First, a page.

Pursuing Truth and Transparency in America's Food System

Half of the Big Six agrichemical firms can’t even grow their GMOs in their own home countries

The following is an excerpt from Chapter 9, “Seedy Business: What Big Food is hiding with its slick PR campaign on GMOs,” by Gary Ruskin, co-director of the public watchdog group US Right to Know.

It is a sign of the character of the agrichemical companies that those who know them best don’t trust them.

Three of the Big Six agrichemical companies are banned from growing their genetically engineered crops in their own home countries. These countries have powerful economic incentives to promote the products of their own corporations. And yet, in this case, they do the opposite.

Syngenta is headquartered in Basel, Switzerland. In 1995, Switzerland adopted regulations requiring labeling of genetically engineered food. It was one of the first countries to do so.[1] In November 2005, Swiss voters approved a referendum, with 55.7% support, endorsing a five-year ban on the planting of genetically engineered crops.[2] In 2010, the Swiss parliament extended the ban for three more years.[3] In December 2012, the Swiss parliament extended the ban through the end of 2017.[4]

Bayer is headquartered in Leverkusen, Germany; and BASF in Ludwigshafen, Germany.

E.U. regulations require labeling of genetically engineered food. And the E.U.’s restrictions on growing GMO crops are among the toughest in the world.[5] In practice, at this time, only one GMO crop is commercially cultivated in Europe: Monsanto’s MON 810 corn.[6] However, Germany banned MON 810 as well.[7] Consequently, in Germany – home of Bayer and BASF – no GMO crops are grown.

Germany’s Agriculture Minister, Christian Schmidt, is forthright on German distrust of Bayer and BASF’s genetically engineered crops. As he said in 2014: “One thing is clear: Our citizens do not want genetically-modified plants in the fields and want no gene-technology products on shop shelves.”[8]

In 2012, BASF withdrew its efforts to even attempt to sell genetically its engineered products in Europe. According to BASF board member Stefan Marcinowski, “There is still a lack of acceptance for this technology in many parts of Europe — from the majority of consumers, farmers and politicians….Therefore, it does not make business sense to continue investing in products exclusively for cultivation in this market.”[9]

On November 11, 2014, the EU parliament approved a plan to allow EU nations to ban the farming of genetically engineered crops on their lands. It awaits final action by the parliament and EU nations, but appears likely to become law.[10] Given the unpopularity of genetically engineered crops in Germany, this increases the likelihood that the ban on cultivation of Bayer and BASF genetically engineered crops will continue indefinitely.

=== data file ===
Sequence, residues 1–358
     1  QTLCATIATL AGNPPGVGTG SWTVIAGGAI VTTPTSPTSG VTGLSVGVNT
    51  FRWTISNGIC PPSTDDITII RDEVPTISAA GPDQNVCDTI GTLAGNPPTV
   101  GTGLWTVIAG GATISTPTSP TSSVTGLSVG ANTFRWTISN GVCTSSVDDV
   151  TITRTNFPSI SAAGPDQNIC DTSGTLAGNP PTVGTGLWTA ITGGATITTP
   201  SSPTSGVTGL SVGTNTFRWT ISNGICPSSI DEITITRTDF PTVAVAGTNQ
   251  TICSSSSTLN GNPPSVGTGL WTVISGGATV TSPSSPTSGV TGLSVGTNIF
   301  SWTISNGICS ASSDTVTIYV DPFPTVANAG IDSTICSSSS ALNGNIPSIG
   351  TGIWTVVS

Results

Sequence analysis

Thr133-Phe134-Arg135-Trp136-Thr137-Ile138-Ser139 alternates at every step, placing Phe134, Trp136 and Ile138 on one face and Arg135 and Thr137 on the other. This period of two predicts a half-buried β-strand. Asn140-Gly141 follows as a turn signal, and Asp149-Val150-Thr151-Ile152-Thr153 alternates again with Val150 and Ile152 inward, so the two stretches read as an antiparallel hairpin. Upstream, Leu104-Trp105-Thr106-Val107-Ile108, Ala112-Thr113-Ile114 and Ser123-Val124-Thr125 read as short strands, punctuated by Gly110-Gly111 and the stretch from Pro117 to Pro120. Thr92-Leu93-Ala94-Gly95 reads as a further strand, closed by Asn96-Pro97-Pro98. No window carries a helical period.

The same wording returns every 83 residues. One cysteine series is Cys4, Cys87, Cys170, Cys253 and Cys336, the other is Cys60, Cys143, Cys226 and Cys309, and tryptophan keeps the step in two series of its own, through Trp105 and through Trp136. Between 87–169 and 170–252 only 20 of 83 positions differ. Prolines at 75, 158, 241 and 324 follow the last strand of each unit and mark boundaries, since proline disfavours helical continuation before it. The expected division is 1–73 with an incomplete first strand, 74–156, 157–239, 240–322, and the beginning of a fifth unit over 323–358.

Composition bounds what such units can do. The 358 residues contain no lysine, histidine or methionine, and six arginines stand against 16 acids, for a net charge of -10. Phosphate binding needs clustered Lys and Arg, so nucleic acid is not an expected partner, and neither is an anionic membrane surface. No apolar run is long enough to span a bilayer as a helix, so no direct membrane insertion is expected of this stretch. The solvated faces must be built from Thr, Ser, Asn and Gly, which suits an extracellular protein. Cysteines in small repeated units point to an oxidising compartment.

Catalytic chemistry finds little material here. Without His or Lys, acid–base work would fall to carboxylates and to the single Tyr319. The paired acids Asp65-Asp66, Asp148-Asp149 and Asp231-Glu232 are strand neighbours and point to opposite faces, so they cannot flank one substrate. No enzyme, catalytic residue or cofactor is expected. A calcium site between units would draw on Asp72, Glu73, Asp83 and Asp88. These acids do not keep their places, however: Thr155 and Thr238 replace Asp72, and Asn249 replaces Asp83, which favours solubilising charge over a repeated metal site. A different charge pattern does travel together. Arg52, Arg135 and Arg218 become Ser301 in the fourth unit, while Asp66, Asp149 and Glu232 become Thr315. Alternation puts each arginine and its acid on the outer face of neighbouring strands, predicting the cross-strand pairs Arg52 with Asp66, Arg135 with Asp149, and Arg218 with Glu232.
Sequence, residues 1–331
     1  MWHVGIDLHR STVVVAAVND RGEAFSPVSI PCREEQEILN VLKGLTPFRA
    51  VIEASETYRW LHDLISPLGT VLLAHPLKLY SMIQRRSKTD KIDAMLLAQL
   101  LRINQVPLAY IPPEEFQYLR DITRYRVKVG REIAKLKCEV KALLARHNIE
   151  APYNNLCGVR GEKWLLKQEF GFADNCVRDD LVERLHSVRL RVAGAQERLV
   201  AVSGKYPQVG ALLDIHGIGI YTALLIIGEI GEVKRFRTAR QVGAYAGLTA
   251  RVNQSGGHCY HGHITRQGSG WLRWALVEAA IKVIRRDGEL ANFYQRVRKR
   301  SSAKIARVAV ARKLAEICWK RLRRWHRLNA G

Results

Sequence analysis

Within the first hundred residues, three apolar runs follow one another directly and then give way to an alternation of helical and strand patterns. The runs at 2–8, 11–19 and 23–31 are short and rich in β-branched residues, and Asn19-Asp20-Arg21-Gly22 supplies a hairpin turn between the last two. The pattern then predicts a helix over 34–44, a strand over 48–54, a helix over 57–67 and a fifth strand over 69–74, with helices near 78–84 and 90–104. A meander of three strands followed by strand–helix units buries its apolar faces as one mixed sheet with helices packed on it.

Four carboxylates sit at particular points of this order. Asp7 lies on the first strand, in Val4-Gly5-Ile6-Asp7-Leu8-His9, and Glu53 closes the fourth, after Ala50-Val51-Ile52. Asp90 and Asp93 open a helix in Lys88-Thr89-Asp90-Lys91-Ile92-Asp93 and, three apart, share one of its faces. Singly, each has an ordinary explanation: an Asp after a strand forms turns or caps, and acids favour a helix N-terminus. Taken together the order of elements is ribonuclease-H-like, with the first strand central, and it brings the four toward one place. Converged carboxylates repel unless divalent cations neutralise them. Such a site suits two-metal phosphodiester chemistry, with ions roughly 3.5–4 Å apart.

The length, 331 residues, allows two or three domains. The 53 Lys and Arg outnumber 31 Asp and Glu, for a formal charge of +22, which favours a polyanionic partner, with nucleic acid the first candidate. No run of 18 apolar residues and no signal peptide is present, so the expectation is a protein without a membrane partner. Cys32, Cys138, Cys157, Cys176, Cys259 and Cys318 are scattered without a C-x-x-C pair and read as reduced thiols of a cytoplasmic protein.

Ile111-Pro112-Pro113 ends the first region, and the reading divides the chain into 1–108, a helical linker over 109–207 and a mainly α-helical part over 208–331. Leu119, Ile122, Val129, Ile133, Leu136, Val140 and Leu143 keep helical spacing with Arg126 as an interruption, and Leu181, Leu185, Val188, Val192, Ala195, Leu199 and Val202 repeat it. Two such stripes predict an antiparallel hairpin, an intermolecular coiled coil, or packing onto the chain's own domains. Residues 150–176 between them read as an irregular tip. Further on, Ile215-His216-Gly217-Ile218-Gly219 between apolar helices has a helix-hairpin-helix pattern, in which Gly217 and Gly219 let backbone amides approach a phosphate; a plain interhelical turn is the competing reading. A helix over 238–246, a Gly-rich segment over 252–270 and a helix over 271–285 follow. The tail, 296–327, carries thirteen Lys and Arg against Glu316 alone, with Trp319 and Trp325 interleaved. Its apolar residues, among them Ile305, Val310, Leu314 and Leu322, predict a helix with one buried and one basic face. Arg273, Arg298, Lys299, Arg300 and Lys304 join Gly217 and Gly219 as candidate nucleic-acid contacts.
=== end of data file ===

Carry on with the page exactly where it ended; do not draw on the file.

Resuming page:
In general, outside the United States, there is great skepticism about genetically engineered food. According to the Center for Food Safety, 64 countries require labeling of genetically engineered food.[11]

That skepticism of genetically engineered food has been adopted by international organizations and treaties as well. The international food standards organization, Codex Alimentarius, specifically allows for GMO labeling because of health risks and other concerns.[12] In addition, two international treaties treat GMOs as presenting either potential health or environmental risks, and therefore as matters of concern. These treaties include the Convention on Biological Diversity and its Cartagena Protocol on Biosafety, and the International Plant Protection Convention.[13]

Footnotes

[1] Franz Xaver Perrez, “Taking Consumers Seriously: The Swiss Regulatory Approach to Genetically Modified Food.” N.Y.U. Environmental Law Journal, 2000, Vol. 8, Issue 3.

[2] Tom Wright, “Swiss Ban Genetically Modified Crops.” International Herald Tribune, November 27, 2005.

[3]GMO Moratorium Extended for Three Years.” Swissinfo, March 10, 2010.

[4] Swiss Expert Committee for Biosafety, web page on “Marketing of genetically modified organisms.” January 20, 2014.

[5] John Davidson, “GM Plants: Science, Politics and EC Regulations.” Plant Science, February 2010, Vol. 178, Issue 2, pp. 94-98. DOI: 10.1016/j.plantsci.2009.12.005

[6] European Commission, web page on “New EU approach” to GMO cultivation. “EU Moves Step Closer to Law on National GMO Crop Bans.” Reuters, November 11, 2012.

[7]Germany to Ban Cultivation of GMO Maize-Minister.” Reuters, April 14, 2009.

[8]German Govt Still Undecided on GMO Policy, Minister Tells Paper.” Reuters, March 17, 2014.

[9] James Kanter, “BASF to Stop Selling Genetically Modified Products in Europe.” New York Times, January 16, 2012.

[10]EU Moves Step Closer to Law on National GMO Crop Bans.” Reuters, November 11, 2012. “EU Deal Gives Countries Opt-out on Growing Approved GM Crops.” Reuters, December 4, 2014.

[11]Genetically Engineered Food Labeling Laws Map.” Center for Food Safety, April 2, 2013.

[12] Jerry Hagstrom, “Biotech Foods Clear for Own Label.” Agweek, July 11, 2011. “Consumer Rights Victory as US Ends Opposition to GM Labeling Guidelines.” Consumers International, July 5, 2011.

[13] See, for example, Hilary Weiss, “Genetically Modified Crops: Why Cultivation Matters.” Brooklyn Journal of International Law, 2014. 39 Brooklyn Journal of International Law 875. Phil Bereano, “A Primer on GMOs and International Law.” Council for Responsible Genetics.